- Developers are spending big to build communities of single-family homes that are entirely for rent.
- ‘Build-for-rent’ developments skyrocketed in popularity among investors over the past two years.
- But one housing expert warns of the risk of overbuilding, especially in hot markets like Phoenix.
Deep-pocketed investors haven’t been able to get their hands on enough houses during the pandemic, despite spending billions of dollars on single-family rental properties across the US last year.
So a growing number are pursuing a strategy known as build-for-rent. They’re developing entire communities that resemble typical suburban neighborhoods, except the homes will likely never be sold to individual buyers. Instead, they’re rented out to tenants who, either by choice or necessity, are looking to lease a single-family home rather than buy.
BFR developments have become “the hottest residential real-estate investment,” according to housing expert John Burns, the founder and CEO of John Burns Real Estate Consulting. His firm’s database now tracks about 650 build-for-rent communities across the country, 27% of which were constructed in the past two years.
But developing BFR communities is much easier said than done, Burns cautioned, speaking during a recent webinar sponsored by the real-estate firm Berkadia. And while Burns said he’s “all in” on build-for-rent over the next 20 or 30 years, he does see some problems.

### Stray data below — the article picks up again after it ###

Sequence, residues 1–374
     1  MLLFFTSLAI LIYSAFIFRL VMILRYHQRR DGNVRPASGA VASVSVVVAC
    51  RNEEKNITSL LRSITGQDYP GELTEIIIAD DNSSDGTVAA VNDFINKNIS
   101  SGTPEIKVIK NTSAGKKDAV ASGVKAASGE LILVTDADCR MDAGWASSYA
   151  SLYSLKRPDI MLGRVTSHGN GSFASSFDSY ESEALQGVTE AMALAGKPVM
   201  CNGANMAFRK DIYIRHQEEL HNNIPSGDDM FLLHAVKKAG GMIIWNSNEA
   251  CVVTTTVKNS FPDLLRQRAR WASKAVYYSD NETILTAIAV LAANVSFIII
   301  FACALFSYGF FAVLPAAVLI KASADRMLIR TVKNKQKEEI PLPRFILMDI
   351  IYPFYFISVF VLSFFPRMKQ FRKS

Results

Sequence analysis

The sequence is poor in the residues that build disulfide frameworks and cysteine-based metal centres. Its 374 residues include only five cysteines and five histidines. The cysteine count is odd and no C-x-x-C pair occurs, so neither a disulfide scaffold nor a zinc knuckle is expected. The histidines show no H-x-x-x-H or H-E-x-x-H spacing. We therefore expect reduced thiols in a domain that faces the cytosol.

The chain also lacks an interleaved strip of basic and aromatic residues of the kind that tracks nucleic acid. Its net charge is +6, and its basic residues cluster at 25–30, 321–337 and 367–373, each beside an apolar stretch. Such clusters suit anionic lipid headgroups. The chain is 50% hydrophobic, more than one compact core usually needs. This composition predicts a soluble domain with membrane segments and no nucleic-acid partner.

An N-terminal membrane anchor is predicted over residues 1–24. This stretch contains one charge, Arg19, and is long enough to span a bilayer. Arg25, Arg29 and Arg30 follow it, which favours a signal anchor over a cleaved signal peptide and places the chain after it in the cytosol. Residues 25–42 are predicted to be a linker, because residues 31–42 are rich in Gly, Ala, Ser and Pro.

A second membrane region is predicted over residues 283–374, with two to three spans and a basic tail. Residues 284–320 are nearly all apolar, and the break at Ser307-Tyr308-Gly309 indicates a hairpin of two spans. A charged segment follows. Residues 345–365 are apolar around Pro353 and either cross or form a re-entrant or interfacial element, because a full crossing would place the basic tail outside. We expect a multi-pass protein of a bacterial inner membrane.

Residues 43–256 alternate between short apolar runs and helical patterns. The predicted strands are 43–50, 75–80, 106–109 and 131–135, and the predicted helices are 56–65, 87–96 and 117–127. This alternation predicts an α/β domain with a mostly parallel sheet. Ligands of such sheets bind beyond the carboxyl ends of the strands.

“There is a lot of supply on the way. A lot,” Burns said. “It’s not going to show up by the spring. It is under construction, and it is taking forever to build.”
One area that Burns highlighted as a market that could get overbuilt is Phoenix, which is widely considered the original hot spot for build-for-rent developments.
Today the Phoenix metropolitan area is home to 52 BFR communities, Burns said, more than double that of Houston, which has the second-highest number of communities, at 24. As developers compete for land, they’re building in locations that may not have the demand to support that much new rental housing, Burns said.
“We’re seeing a lot proposed in Buckeye and Casa Grande,” Burns said, naming two cities on the outskirts of Phoenix. “Casa Grande is a truck stop on the way to Tucson — I’m sorry if you’re investing there — and it probably could handle one, but not 10. There’s some risks being taken.”
After a banner year for single-family rentals in 2021, Burns said that this year build-for-rent developers should be “more selective and strategic.”
“We’re still very bullish overall, but not everything’s going to work out,” Burns said.
Several factors are contributing to that. In most areas, prices for homes are up more than rents, which is pushing investor yields down, Burns said. All kinds of investors are also competing for single-family rentals, making it more difficult to scale portfolios of homes.
There’s also the issue of the supply that’s on the way. There are roughly 900,000 US homes under construction or permitted, according to John Burns’ data, which is high, but still below 2006 levels. Meanwhile, 833,000 multifamily units are also on the way, a 50-year high, the data show.
Together, that’s 1.7 million units, which Burns said amounts to more than a year’s worth of supply that’s under construction today.
“The shadow supply of new homes under construction is the highest in 45 years,” Burns said.
For investors eager to put their capital to work in build-for-rent projects, Burns warned that great locations are not easy to find.
“We’ve got clients that are trying to put a billion dollars to work this year,” Burns said. “You can’t find a billion dollars of good locations. You need to take some location risk.”